Archives for category: flora


© Gavin Parsons. All rights reserved

© Gavin Parsons. All rights reserved

I apologise for the lack of a Behind the picture last week. I was too busy to create one. So sorry about that. This week’s behind the is a bit different as it is not from my archive, but rather a picture I took just a couple of days ago. This year the celandines in Dorset have had a bumper year. Last years incessant rain allowed them to grow like they’ve never grown before. They like damp soil and we’ve got a lot of that.

On Saturday I went for a walk along the river looking for insects to photograph and ended up half buried in the bank of a local lane photographing the celandines. I’m not one for just straight flower photography, I find them a bit boring, so I like to get in among the flowers and look for interesting angles with lots of out of focus elements to create an ethereal feel to the image.

This one I was pretty pleased with as it is more like a painting I think than a photograph.

It was shot with a 60mm macro lens along with a ZigView viewer which, as I;ve said before, means I can get the camera at a really low angle without lying in the mud.



Wanting life, given death

sundew and common blue damselflyThis week’s Behind the Picture was taken a few miles from my home in Dorset. I love the idea of nature being turned on its head and was intrigued by the UK’s population of carnivorous plants. They are the sort of thing you expect to find in the tropics, but each summer Drosera rotundifolia, known to us as either the common or round leafed sundew rises from the bogs of lowland heaths.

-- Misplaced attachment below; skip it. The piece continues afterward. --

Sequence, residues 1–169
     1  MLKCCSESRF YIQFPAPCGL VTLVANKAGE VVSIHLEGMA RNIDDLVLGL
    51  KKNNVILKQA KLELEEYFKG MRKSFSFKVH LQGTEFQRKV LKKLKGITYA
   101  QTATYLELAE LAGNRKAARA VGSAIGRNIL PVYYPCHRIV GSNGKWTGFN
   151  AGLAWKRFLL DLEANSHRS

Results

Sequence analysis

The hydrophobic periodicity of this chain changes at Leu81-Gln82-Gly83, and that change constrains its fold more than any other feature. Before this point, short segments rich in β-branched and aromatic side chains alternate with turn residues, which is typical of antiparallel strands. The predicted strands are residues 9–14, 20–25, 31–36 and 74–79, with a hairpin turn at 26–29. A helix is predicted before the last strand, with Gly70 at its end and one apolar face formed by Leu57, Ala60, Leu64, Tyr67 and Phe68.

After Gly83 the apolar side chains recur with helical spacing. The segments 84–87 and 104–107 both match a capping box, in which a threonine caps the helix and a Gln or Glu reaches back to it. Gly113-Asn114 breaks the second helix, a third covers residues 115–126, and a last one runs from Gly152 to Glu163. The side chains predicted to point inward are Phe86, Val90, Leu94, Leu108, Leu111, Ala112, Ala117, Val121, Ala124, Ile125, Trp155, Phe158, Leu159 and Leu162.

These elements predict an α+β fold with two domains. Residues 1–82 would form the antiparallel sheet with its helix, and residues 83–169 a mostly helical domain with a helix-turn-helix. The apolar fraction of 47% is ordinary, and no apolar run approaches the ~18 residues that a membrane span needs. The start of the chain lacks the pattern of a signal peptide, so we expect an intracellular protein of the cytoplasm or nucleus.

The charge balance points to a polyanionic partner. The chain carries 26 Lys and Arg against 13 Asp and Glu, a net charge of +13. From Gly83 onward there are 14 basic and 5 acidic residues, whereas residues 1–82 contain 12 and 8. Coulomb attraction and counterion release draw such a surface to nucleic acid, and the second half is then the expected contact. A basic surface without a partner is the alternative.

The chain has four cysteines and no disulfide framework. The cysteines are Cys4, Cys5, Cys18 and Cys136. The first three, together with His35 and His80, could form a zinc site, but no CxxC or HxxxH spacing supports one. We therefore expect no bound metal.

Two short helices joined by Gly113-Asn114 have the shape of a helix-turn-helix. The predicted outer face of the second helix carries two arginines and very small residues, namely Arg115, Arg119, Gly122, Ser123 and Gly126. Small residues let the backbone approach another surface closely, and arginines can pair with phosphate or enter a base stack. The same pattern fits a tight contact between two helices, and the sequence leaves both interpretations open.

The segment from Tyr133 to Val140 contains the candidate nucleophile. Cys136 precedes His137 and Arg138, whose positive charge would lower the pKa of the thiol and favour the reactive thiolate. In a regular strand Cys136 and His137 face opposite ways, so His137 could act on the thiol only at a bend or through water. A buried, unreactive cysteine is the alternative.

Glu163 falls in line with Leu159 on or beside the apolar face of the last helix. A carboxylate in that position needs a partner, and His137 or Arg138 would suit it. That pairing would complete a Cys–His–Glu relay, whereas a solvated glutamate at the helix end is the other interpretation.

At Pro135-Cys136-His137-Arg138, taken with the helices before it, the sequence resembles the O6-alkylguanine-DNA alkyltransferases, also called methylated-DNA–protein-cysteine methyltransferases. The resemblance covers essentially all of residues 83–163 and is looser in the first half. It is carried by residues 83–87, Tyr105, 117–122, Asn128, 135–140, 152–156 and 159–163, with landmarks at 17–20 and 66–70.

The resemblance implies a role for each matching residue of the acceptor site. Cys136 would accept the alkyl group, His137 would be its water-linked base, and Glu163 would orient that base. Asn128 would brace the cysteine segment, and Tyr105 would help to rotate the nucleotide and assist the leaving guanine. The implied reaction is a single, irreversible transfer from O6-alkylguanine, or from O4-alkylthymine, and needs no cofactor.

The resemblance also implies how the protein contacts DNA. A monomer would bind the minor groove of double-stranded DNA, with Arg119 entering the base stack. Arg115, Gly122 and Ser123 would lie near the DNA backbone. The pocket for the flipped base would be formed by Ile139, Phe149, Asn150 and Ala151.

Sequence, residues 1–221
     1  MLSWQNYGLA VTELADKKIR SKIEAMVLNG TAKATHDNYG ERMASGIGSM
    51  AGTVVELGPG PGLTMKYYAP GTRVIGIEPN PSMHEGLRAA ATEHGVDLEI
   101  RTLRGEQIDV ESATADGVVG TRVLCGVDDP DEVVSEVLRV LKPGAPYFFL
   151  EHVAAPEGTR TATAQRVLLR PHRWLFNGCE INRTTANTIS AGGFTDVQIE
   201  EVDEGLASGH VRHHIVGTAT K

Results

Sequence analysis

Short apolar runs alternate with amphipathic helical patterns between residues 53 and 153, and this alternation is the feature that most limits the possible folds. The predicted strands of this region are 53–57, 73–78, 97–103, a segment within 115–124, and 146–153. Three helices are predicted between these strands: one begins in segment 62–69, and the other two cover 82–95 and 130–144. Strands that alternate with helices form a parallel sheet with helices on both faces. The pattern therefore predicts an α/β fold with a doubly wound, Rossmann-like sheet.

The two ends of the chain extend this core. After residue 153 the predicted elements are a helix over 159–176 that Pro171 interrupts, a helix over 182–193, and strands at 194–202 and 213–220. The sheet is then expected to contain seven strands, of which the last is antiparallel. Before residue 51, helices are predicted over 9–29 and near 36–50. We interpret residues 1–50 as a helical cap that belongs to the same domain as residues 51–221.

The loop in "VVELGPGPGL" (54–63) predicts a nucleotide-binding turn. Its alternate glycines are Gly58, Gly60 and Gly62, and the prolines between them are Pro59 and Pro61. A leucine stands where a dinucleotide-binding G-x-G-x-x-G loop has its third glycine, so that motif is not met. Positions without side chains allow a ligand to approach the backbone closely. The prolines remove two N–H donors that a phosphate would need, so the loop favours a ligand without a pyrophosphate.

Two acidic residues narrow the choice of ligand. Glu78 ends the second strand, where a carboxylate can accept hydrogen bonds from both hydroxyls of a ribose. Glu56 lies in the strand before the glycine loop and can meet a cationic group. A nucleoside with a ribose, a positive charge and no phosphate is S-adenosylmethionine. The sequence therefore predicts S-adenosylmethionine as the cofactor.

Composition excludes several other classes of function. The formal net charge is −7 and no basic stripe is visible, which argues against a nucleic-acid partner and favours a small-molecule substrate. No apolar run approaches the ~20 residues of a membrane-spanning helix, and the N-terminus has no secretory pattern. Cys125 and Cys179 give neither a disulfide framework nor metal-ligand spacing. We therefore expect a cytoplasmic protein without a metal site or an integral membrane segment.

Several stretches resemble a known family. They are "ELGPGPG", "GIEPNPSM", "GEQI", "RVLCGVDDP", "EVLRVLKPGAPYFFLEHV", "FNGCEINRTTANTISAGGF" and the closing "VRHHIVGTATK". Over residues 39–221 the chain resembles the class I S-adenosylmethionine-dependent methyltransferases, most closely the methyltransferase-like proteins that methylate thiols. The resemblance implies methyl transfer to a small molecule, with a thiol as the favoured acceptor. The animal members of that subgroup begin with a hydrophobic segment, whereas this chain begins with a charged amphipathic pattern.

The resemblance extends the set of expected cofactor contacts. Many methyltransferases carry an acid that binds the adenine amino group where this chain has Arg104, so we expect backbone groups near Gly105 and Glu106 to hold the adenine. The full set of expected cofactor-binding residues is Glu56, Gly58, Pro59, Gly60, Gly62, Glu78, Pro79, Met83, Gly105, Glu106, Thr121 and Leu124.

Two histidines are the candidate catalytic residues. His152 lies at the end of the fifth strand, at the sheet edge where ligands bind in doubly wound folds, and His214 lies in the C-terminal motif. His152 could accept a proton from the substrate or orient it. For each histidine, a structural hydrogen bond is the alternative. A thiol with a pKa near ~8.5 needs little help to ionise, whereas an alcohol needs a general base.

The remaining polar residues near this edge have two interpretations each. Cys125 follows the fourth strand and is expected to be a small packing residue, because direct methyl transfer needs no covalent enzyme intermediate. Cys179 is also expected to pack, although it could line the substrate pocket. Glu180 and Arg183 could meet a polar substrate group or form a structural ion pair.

They are beautiful plants, but what makes them fascinating is their ability to destroy beauty as well. Their leaves are covered in tiny nodules of a sticky substance which clings strongly to any hapless insect which lands of it. Dragonflys and damselflys are always looking for a perch to land on and some like this Enallagma cyathigerum or common blue damselfly are quite often caught out.

I found this individual just after he’d (I know it’s a him because he is blue, the females are a yellowish colour) inadvertently landed on a tall sundew plant. He was struggling to get away, but to no avail. He’d fought so hard that the sticky nodules had been shaken off, but the plant had its prey and wasn’t letting go. The damselfly was going to die and then be dissolved by the plant. But, and this is the reason why I think it is a powerful image, the damselfly is born with a permanent smile on its face. It looks like its happy and the vibrant colours create a sense of happiness until you realise what is actually going on. They say nature can be cruel, but she can also put on a hell of a show while she is doing it.

To get a low angle I had to sink my camera down into the damp spongy ground and I used a macro lens and a Zigview view to see the image without having to lay down on the wet earth.